A quick portmanteau post which certainly approaches the title of this site. First up, via Russell and others, Ambient Addition:
“Ambient Addition is a Walkman with binaural microphones. A tiny Digital Signal Processing (DSP) chip analyzes the microphone’s sound and superimposes a layer of harmony and rhythm on top of the listener’s world. In the new context, some surprising behaviors take place. Listeners tend to play with objects around them, sing to themselves, and wander toward tempting sound sources. With Ambient Addition, I’m hoping to make people think twice about the sounds they initiate as well as loosen up some inhibitions.”
Watch the video and you’ll get the picture, as it were. It’s a quite lovely effect, taking as input the ambient sound surrounding you and then processing that into something more ‘musical’. I’m not sure about this aural enhancing of the city’s noise; any more than a visual enhancing. Yet it’s probably better than isolating oneself with an iPod.
Of course, it’s not the raw sound of the city filtered; there is definite a musical sensibility at work in the choice of effect in Ambient Addition. Just as there is in 2006’s other great music toy, the rather more basic Buddha Machine. I picked up one of these – from Boomkat, £14.99, bargain – and it’s huge fun. It’s a small, mass-produced – in China, for maximum futurism – plastic box, containing some very simple noise-making hardware. Nine electronic loops, which you can switch between via a small button on the side. On/off switch combined with volume. Headphone socket. That’s it. But the loops are charming, in an ambient electronica kinda way. Very well crafted loops, actually, by Christiaan Virant and Zhang Jian of the FM3 label in Beijing. Most charming of all, the low cost production values and combination of slowly fading batteries and simple speaker technology mean that every box will sound slightly different. The plastic box and lo-fi AM radio-style reproduction lead to a fuzzy, crackling tone which offsets the ambience perfectly. It’s also fun to mix with other music. When most people hear it, they either say a) “That’s perfect accompaniment for a massage/yoga/beautician” or b) “That’s perfect accompaniment for my hardcore electronic music project.” Apparently the first customer was Brian Eno. Who bought six, based on seeing a prototype at dinner. As you do. You can imagine the conversation with the VCs: “We see our target market as beauticians and Brian Eno”. Either way, they’ve sold over 10,000 and counting.
There’s a compilation, Jukebox Buddha, which is pretty good, and Boomkat has an excellent interview with the creators.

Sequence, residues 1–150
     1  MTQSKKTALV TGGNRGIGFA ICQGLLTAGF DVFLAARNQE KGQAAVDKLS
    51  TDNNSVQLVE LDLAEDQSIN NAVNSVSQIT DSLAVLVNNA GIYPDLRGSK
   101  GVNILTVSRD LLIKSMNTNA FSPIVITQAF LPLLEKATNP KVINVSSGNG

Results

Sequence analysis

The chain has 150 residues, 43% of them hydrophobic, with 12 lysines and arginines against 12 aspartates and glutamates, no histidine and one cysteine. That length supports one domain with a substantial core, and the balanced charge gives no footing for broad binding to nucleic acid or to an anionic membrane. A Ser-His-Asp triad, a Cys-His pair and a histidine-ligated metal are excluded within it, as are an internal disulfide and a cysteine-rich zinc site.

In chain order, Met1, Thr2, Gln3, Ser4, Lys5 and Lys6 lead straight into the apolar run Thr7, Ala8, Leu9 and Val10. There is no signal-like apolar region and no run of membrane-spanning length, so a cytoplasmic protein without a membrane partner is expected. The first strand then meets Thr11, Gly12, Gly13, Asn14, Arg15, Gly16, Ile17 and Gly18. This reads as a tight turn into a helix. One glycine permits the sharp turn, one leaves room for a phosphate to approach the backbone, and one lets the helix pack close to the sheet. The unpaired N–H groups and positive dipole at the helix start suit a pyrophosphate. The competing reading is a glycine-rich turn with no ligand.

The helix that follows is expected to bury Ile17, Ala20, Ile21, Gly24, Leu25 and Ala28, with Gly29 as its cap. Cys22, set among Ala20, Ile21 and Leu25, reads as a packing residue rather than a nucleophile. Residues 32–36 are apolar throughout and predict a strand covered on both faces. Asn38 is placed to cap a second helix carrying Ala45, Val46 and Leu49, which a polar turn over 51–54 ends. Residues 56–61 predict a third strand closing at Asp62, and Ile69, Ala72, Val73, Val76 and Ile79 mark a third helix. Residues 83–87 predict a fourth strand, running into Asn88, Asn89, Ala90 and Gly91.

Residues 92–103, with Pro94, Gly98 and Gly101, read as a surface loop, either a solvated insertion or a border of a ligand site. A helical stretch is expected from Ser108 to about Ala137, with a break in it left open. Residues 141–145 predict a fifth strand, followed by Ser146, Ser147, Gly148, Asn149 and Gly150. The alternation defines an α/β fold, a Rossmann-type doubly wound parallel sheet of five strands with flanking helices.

Thirdly, Barry Blesser writes, noting that readers of cityofsound might be interested in his new book with Linda-Ruth Salter, “Spaces Speak, Are You Listening? Experiencing Aural Architecture” which has just been release by MIT Press. It does look right up our strasse. The blurb goes: “We experience spaces not only by seeing but also by listening. We can navigate a room in the dark, and “hear” the emptiness of a house without furniture. Our experience of music in a concert hall depends on whether we sit in the front row or under the balcony. The unique acoustics of religious spaces acquire symbolic meaning. Social relationships are strongly influenced by the way that space changes sound. In Spaces Speak, Are You Listening?, Barry Blesser and Linda-Ruth Salter examine auditory spatial awareness: experiencing space by attentive listening. Every environment has an aural architecture. The audible attributes of physical space have always contributed to the fabric of human culture, as demonstrated by prehistoric multimedia cave paintings, classical Greek open-air theaters, Gothic cathedrals, acoustic geography of French villages, modern music reproduction, and virtual spaces in home theaters. Auditory spatial awareness is a prism that reveals a culture’s attitudes toward hearing and space. Some listeners can learn to “see” objects with their ears, but even without training, we can all hear spatial geometry such as an open door or low ceiling. Integrating contributions from a wide range of disciplines – including architecture, music, acoustics, evolution, anthropology, cognitive psychology, audio engineering, and many others – Spaces Speak, Are You Listening? establishes the concepts and language of aural architecture. These concepts provide an interdisciplinary guide for anyone interested in gaining a better understanding of how space enhances our well-being. Aural architecture is not the exclusive domain of specialists. Accidentally or intentionally, we all function as aural architects.” Sounds good eh? You can pick it up at Amazon [UK | US]
Finally, Christian Marclay’s ‘Video Quartet’ (2002), recently installed at the Tate Modern is one of the best artworks to hit London in recent years. A four-screen projection, room-sized, a 13-minute collage of hundreds of clips of music and sound effects in films, tightly cut and orchestrated together into a glorious new piece of music and film. It’s utterly stunning. I saw it today, and I’ll be going back. I could sit and watch it for about an hour.
It was commissioned by SFMOMA a few year’s back, so it’s fairly well-covered online [Wired | Kottke | Brooklyn Rail] but Greg Allen has a good description of the production process, apparently all done in Final Cut Pro: “What had seemed impossible or magic before was now revealing itself as a complex creation, the product of arduous, inspired effort.”
Fifth floor, north-west side, room 8 I think. Go and see it if you can. You won’t be disappointed. Here’s a few pics; a couple from the Tate site, a couple from me.
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